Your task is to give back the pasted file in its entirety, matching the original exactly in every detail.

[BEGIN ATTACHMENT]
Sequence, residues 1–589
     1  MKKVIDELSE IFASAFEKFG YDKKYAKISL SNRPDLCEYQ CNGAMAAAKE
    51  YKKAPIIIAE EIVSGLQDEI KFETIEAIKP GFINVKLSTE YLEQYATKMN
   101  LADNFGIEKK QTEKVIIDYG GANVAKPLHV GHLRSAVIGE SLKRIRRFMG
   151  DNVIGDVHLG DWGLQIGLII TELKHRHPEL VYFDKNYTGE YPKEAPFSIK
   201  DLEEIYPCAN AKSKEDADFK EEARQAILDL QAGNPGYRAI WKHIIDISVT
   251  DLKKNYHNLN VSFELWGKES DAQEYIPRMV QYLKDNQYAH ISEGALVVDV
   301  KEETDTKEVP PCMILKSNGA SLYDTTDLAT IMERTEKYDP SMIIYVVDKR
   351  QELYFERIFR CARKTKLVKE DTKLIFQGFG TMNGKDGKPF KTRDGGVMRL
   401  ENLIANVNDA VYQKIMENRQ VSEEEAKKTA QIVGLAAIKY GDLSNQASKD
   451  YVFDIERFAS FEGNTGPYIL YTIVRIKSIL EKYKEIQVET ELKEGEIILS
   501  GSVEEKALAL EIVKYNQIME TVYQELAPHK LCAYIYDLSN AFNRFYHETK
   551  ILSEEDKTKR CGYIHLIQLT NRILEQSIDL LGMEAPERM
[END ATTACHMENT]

Sequence, residues 1–589
     1  MKKVIDELSE IFASAFEKFG YDKKYAKISL SNRPDLCEYQ CNGAMAAAKE
    51  YKKAPIIIAE EIVSGLQDEI KFETIEAIKP GFINVKLSTE YLEQYATKMN
   101  LADNFGIEKK QTEKVIIDYG GANVAKPLHV GHLRSAVIGE SLKRIRRFMG
   151  DNVIGDVHLG DWGLQIGLII TELKHRHPEL VYFDKNYTGE YPKEAPFSIK
   201  DLEEIYPCAN AKSKEDADFK EEARQAILDL QAGNPGYRAI WKHIIDISVT
   251  DLKKNYHNLN VSFELWGKES DAQEYIPRMV QYLKDNQYAH ISEGALVVDV
   301  KEETDTKEVP PCMILKSNGA SLYDTTDLAT IMERTEKYDP SMIIYVVDKR
   351  QELYFERIFR CARKTKLVKE DTKLIFQGFG TMNGKDGKPF KTRDGGVMRL
   401  ENLIANVNDA VYQKIMENRQ VSEEEAKKTA QIVGLAAIKY GDLSNQASKD
   451  YVFDIERFAS FEGNTGPYIL YTIVRIKSIL EKYKEIQVET ELKEGEIILS
   501  GSVEEKALAL EIVKYNQIME TVYQELAPHK LCAYIYDLSN AFNRFYHETK
   551  ILSEEDKTKR CGYIHLIQLT NRILEQSIDL LGMEAPERM